The Terrace of the Leper King (or Leper King Terrace) (Khmer: Preah Learn Sdech Kunlung) is located in the northwest corner of the Royal Square of Angkor Thom, Cambodia. It was built in the Bayon style under Jayavarman VII, though its modern name derives from a 15th century sculpture discovered at the site. The statue depicts the Hindu god Yama, the god of Death. He was called the Leper King because discoloration and moss growing on the original statue was reminiscent of a person with leprosy, and also because it fit in with a Cambodian legend of an Angkorian king who had leprosy. The name that the Cambodians know him by, however, is Dharmaraja, as this is what was etched at the bottom of the original statue.
A double terrace wall at the north end of the Terrace of Elephants with deeply carved nagas, demons and other mythological beings. The inner wall is an earlier version of the outer wall that was covered at the time the outer wall was added. The inner wall was excavated by French archaeologists in the late 1990s. The terrace was named for the statue of the ‘Leper King’ that sits on top. Why the statue is known as the 'leper king' is a matter of debate.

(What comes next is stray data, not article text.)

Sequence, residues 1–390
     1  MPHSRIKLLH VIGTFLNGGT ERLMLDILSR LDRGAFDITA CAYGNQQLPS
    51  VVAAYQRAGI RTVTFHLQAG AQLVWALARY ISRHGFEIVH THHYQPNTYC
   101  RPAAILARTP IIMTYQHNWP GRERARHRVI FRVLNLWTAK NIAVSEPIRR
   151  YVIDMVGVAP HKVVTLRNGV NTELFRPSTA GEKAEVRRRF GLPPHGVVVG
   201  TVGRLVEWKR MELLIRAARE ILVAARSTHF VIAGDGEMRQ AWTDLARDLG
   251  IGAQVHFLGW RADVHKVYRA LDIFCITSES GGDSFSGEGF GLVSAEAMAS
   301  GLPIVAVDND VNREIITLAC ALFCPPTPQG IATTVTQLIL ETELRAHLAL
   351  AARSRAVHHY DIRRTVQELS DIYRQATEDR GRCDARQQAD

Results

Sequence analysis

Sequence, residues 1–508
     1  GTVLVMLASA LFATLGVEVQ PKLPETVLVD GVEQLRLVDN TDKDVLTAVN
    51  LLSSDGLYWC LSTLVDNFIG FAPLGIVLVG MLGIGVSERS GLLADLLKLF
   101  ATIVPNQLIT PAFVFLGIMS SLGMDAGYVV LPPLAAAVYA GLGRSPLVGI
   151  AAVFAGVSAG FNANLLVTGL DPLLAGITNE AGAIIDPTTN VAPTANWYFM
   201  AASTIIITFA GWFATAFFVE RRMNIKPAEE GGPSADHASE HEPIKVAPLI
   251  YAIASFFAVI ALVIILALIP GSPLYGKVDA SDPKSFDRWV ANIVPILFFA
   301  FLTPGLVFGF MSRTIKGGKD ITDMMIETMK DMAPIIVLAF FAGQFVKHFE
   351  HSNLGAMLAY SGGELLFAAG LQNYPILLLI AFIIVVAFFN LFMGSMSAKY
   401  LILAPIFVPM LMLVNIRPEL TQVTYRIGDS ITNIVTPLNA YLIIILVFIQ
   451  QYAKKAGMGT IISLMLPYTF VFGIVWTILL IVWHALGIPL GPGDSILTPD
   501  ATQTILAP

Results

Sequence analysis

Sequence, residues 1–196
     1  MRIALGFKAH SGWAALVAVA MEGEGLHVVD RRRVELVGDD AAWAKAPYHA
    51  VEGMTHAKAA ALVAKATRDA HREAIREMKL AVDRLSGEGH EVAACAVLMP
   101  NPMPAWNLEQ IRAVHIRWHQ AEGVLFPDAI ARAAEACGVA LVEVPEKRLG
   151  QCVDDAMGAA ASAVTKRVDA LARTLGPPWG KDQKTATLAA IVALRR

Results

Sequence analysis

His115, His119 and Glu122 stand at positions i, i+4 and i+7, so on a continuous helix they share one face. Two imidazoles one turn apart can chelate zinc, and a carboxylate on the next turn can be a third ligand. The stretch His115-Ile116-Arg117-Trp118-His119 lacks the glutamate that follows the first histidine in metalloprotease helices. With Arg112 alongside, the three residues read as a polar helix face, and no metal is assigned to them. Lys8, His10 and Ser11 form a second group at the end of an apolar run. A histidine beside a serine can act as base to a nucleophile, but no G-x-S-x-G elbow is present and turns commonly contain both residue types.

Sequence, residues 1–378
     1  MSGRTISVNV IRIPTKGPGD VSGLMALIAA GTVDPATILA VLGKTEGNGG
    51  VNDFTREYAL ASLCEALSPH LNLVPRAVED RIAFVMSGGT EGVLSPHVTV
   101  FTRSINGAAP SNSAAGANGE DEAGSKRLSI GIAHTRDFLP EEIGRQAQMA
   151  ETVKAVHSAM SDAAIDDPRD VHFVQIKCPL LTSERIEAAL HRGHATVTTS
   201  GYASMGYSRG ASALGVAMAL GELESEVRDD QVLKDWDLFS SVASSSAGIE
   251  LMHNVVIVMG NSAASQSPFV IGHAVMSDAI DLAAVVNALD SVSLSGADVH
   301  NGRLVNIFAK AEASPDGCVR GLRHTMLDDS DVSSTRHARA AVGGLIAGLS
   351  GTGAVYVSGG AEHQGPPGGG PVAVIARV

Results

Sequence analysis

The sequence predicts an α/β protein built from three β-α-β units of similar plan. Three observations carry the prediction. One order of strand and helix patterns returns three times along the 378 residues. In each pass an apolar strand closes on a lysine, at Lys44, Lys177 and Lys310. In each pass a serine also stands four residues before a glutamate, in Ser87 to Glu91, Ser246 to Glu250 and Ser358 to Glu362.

Some argue that when the statue was found, its lichen-eaten condition gave it the appearance of leprosy. Others have argued that it is a statue of the leper king of Khmer legend, or that the condition of the statue inspired its connection to the legend. The model for the statue is also a matter of debate. Suggestions include a couple of different Hindu gods, and the Khmer kings Yasovarman I and Jayavarman VII. Recent scholarship favors a combination of Jayavarman VII and Buddha. The statue of the leper king on display at the terrace is a replica. The original resides in the National Museum in Phnom Penh.